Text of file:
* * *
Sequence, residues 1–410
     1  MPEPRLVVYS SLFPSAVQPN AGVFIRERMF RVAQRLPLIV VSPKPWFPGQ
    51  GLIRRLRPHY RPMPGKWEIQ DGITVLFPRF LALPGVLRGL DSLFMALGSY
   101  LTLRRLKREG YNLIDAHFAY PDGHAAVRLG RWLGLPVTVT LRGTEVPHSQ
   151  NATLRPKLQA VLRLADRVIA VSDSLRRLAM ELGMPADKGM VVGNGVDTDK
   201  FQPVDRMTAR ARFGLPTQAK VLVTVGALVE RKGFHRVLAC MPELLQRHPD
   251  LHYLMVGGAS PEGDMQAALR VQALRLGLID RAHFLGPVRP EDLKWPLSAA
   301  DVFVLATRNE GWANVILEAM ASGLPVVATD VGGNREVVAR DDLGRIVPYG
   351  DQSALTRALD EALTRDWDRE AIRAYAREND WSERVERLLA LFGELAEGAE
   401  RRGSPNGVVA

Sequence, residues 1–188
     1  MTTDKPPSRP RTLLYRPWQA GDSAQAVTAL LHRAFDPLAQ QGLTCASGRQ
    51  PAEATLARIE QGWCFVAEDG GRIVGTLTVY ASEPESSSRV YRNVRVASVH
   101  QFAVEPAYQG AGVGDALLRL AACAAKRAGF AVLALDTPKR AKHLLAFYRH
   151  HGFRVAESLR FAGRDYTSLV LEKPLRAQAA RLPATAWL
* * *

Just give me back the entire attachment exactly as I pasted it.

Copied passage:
Sequence, residues 1–410
     1  MPEPRLVVYS SLFPSAVQPN AGVFIRERMF RVAQRLPLIV VSPKPWFPGQ
    51  GLIRRLRPHY RPMPGKWEIQ DGITVLFPRF LALPGVLRGL DSLFMALGSY
   101  LTLRRLKREG YNLIDAHFAY PDGHAAVRLG RWLGLPVTVT LRGTEVPHSQ
   151  NATLRPKLQA VLRLADRVIA VSDSLRRLAM ELGMPADKGM VVGNGVDTDK
   201  FQPVDRMTAR ARFGLPTQAK VLVTVGALVE RKGFHRVLAC MPELLQRHPD
   251  LHYLMVGGAS PEGDMQAALR VQALRLGLID RAHFLGPVRP EDLKWPLSAA
   301  DVFVLATRNE GWANVILEAM ASGLPVVATD VGGNREVVAR DDLGRIVPYG
   351  DQSALTRALD EALTRDWDRE AIRAYAREND WSERVERLLA LFGELAEGAE
   401  RRGSPNGVVA

Sequence, residues 1–188
     1  MTTDKPPSRP RTLLYRPWQA GDSAQAVTAL LHRAFDPLAQ QGLTCASGRQ
    51  PAEATLARIE QGWCFVAEDG GRIVGTLTVY ASEPESSSRV YRNVRVASVH
   101  QFAVEPAYQG AGVGDALLRL AACAAKRAGF AVLALDTPKR AKHLLAFYRH
   151  HGFRVAESLR FAGRDYTSLV LEKPLRAQAA RLPATAWL